Panthers REQUIRE supplements (lightly) dusted on their food, NOT CAKED up on the bug. We use Repashy SUPERCAL No D 6 days a week. Example: Monday-Tuesday-Thursday-Friday-Saturday-Sunday.

Repashy Calcium Plus LoD 1 day a week. Example: Wednesday

Supplements can be changed and motified for your personal panthers needs. All recommendations are just a base line to start with.

Water & misting

Panther chameleons have incredible vision. But they cannot see standing water. They will NOT drink from a bowl of water like your other pets do. They will drink water drops on the leaves. To simulate this in captivity we can use a hand misting spray bottle, dripper cup or even ice cubes on top of the enclosure or an auto misting system. You will need to mist your chameleon 2-3 times daily. This will also help spike the humidity level up and give your chameleon a chance to drink a couple of times. If you choose to hand mist. Mist from top to bottom. Avoid spraying your panther directly. We have had some panthers over the years want to drink directly from the bottle. I just bring it to their mouth and let them lick from the drips. Your panther will let you know if they want to do this. If you decide to use auto misting system. We recommend the brand Mist King. This will allow you to set up a misting schedule for your panther so you never forget a misting. We recommend 2-3 mistings a day. We personally do a 9:15am misting for 3 minutes. Then a 5:00pm misting for 2 minutes. The lights come on at 9:00am and turn off at 9:00pm. So this misting schedule works well with the chameleons day and night light times. You may also us a dripper on top of the enclosure during the day if needed for more hydration. Hydration is best measured by your chameleons poo. A nice white urate is a sign of a well hydrated animal.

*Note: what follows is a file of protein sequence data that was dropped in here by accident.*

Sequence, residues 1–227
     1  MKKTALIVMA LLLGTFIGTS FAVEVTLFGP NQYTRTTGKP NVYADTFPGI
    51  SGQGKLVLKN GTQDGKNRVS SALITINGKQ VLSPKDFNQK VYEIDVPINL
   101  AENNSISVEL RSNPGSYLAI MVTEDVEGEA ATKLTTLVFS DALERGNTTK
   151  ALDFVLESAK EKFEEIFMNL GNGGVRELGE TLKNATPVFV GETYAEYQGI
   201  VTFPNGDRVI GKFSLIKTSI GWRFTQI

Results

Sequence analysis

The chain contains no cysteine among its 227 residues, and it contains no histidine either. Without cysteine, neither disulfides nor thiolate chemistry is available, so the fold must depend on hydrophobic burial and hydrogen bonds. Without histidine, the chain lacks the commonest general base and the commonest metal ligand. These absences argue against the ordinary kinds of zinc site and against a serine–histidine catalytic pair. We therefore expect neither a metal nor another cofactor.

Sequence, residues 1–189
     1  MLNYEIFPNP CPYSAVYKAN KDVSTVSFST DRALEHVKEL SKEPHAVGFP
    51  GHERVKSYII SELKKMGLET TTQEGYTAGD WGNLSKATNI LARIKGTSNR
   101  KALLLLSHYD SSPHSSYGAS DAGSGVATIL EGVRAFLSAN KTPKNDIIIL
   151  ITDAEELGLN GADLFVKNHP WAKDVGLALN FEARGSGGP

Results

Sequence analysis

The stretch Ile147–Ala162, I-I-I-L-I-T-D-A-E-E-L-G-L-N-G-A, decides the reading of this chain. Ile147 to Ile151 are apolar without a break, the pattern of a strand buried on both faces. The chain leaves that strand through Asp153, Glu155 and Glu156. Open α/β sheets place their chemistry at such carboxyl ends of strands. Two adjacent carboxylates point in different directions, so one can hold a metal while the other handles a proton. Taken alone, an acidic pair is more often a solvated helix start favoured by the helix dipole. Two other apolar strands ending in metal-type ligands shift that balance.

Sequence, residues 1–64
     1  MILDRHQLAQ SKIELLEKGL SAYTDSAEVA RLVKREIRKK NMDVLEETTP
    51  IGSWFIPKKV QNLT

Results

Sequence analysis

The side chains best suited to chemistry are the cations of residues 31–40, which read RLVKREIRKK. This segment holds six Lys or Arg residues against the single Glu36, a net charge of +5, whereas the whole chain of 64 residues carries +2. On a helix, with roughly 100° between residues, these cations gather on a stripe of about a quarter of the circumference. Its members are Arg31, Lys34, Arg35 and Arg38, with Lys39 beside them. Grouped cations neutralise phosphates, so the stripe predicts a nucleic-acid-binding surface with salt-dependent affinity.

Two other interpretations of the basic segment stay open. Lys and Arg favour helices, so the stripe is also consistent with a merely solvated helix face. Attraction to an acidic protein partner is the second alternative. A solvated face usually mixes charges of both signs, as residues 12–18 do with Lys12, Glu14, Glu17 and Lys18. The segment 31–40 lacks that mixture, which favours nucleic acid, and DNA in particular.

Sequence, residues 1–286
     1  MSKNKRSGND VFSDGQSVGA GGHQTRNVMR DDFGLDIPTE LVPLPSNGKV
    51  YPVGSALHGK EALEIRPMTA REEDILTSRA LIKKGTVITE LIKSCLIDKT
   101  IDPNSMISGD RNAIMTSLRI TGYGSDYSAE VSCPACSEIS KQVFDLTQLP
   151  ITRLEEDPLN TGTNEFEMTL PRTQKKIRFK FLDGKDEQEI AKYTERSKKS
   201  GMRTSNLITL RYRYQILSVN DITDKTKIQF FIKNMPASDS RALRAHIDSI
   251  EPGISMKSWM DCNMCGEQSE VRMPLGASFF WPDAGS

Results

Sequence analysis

When you first receive your new panther, no matter the gender or age. Give them at least a few weeks to a month before you try to handle them. These animals like to gain our trust. They can be shy and scared. Sit near their enclosure on your phone or reading a book, something that keeps you still. This will help your panther get used to your presents in a non threatening way. The best thing to remember when you begin to handle your panther, is to let THEM HOLD YOU. You DON'T hold them. Allow them to get onto your arm, never reach inside the enclosure & grab a chameleon by the back. This is a threat in their eyes and you will quickly lose the trust of your panther. A tip to getting your panther to trust you is to hand feed them. Use the feeder your panther likes the most. Almost like positive reinforcement with a dog. They may soon begin to get on your arm when you open the cage, or come down from their "spot" when you enter the room to see what you have for them that day, and begin to show almost excitement when your around. All panthers are different so be patient. Some will be super freindly and out going. While others will never be that way, but we have never had a chameleon we could not hold. They can all be removed from the cage when needed. Just remember to go from below, never above. Overall in our experience with panthers, most are friendly, and each will have their own personality and preference.